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Sunday, January 16, 2011

Manuka Honey, one of our new treatments for infections

We are using Mauka Honey to help treat some of the severe secondary infections on Dexter.

Some people may find it hard to conceptualize the use of honey for medical purposes. However, the truth is, many years ago, before the advent of antibiotics and what we consider to be modern medicine, many cultures used honey for medicinal purposes. When antibiotics were invented, doctors were under the misconception that they were better than honey. New case studies are starting to prove otherwise. There are many different types of honey with varying antibacterial levels. Researchers have found that the most potent type of honey is one that comes from New Zealand called Manuka Honey. The differences in honey is predicated on the floral source, meaning the nectar of the flower that the honeybees use when manufacturing the honey. Manuka Honey is produced when bees use nectar from the flowers that grow on the Manuka bush which is native to New Zealand and certain parts of Australia. Manuka Honey has proven to be extremely effective in the treatment of wounds.

Manuka Honey provides a moist healing environment and prevents bacterial growth even when wounds are badly infected. Doctors are now using dressings with Manuka Honey to quickly sterilize wounds without the side effects of antibiotics. An added bonus to using wound products containing Manuka Honey is that it is effective against antibiotic-resistant strains of bacteria such as MRSA. Manuka Honey's antibacterial properties and its viscosity also provide a barrier, preventing cross-infection of wounds. Because of the existence of glucose for leucocytes in Manuka Honey, hydrogen peroxide is produced which is a known antiseptic. The acidity of Manuka Honey also adds to the antibacterial action of macrophages. The acidification of wounds promotes healing. The high glucose levels in Manuka Honey is used by the bacteria instead of amino acids from the serum and dead cells which increases lactic acid instead of ammonia and the amines and sulphur compounds that are the cause of malodor in wounds. Because of this, Manuka Honey can actually help wounds smell better.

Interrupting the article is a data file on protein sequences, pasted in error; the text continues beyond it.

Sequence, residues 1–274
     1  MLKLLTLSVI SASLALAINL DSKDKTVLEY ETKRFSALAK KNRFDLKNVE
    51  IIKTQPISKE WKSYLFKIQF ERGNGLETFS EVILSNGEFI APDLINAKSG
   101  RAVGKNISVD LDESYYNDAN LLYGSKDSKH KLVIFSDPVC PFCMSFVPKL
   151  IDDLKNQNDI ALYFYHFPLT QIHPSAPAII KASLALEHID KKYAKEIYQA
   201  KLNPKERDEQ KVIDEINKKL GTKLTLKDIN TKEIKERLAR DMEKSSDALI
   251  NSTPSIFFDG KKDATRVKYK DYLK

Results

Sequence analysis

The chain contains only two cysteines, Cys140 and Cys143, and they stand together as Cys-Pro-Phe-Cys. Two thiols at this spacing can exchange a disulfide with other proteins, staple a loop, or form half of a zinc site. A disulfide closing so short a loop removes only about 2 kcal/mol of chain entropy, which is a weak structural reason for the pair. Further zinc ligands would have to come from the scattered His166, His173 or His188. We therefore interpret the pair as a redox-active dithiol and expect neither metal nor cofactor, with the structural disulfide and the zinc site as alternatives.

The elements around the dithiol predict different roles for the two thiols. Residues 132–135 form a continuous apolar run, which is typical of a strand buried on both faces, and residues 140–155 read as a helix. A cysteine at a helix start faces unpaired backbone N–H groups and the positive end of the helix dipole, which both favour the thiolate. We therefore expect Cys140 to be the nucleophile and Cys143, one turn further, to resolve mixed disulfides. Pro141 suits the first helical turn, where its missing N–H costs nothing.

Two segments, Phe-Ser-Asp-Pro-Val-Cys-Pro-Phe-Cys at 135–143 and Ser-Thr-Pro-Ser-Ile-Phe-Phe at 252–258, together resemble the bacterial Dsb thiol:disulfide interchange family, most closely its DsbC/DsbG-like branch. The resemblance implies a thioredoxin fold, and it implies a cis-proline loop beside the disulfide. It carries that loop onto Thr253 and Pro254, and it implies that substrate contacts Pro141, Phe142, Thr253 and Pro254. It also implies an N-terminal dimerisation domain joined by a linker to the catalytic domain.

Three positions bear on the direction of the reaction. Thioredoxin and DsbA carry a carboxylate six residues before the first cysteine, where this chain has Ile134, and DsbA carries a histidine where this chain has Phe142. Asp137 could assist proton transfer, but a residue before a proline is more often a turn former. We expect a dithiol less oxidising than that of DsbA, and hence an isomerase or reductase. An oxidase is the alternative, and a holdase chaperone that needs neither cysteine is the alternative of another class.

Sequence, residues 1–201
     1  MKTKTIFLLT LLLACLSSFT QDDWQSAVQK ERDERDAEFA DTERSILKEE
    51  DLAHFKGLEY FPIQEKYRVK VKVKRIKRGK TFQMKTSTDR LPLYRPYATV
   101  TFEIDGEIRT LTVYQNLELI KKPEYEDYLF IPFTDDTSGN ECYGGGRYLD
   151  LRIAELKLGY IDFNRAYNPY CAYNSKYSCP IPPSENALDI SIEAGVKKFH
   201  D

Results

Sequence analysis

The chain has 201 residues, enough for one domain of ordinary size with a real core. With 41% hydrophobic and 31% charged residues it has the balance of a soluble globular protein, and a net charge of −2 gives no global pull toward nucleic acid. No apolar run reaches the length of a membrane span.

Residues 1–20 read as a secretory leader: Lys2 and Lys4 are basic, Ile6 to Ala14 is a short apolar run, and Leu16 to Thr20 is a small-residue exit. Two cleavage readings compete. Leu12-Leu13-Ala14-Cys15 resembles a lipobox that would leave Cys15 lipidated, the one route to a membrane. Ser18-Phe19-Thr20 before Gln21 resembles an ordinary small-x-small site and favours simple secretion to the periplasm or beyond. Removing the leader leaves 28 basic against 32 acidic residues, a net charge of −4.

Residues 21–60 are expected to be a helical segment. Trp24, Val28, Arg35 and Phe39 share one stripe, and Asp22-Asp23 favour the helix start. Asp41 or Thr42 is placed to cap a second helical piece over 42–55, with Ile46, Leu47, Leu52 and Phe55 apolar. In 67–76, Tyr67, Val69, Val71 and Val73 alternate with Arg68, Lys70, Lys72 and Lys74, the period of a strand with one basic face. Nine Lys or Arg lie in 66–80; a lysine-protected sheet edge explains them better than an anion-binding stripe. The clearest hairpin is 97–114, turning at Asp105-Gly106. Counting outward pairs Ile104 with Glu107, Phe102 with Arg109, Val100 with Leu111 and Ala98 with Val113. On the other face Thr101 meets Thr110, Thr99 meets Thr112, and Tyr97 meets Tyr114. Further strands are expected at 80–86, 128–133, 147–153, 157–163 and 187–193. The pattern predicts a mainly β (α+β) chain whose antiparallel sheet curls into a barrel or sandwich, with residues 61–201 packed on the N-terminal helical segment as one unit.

Clinical studies have shown that Manuka Honey increases the growth of new tissue. It also reduces inflammation, the exudation of wound fluids and malodor in wounds. Its anti-inflammatory effect on wound tissues plays a big role in reducing pain. Manuka Honey has a nutrient effect on regenerating tissue because it contains amino acids, vitamins and different types of sugar. By osmosis, Manuka Honey causes an outflow of lymph which provides nutrition for regenerating tissue. The healing process can take longer if the circulation to the affected area is poor or if the person is poorly nourished. Manuka Honey also increases oxygenation of tissues which is important to the healing process.

When the Manuka Honey draws fluid away from the wound, it also lifts dirt from the wound bed. This makes surgical debridement unnecessary. Manuka Honey also helps to prevent bandages from sticking to the wound which is helpful when the bandages need to be changed. This eliminates the pain normally associated with the changing dressings as well as the tearing of newly formed tissue. "Manuka Honey is also an ideal first aid dressing material for wounds and burns, says Frank Buonanotte, CEO of Honeymark International which is a manufacturer of Manuka Honey products. "In addition to providing an immediate anti-inflammatory effect, the Manuka Honey also provides an antibacterial action and a barrier to prevent infection."

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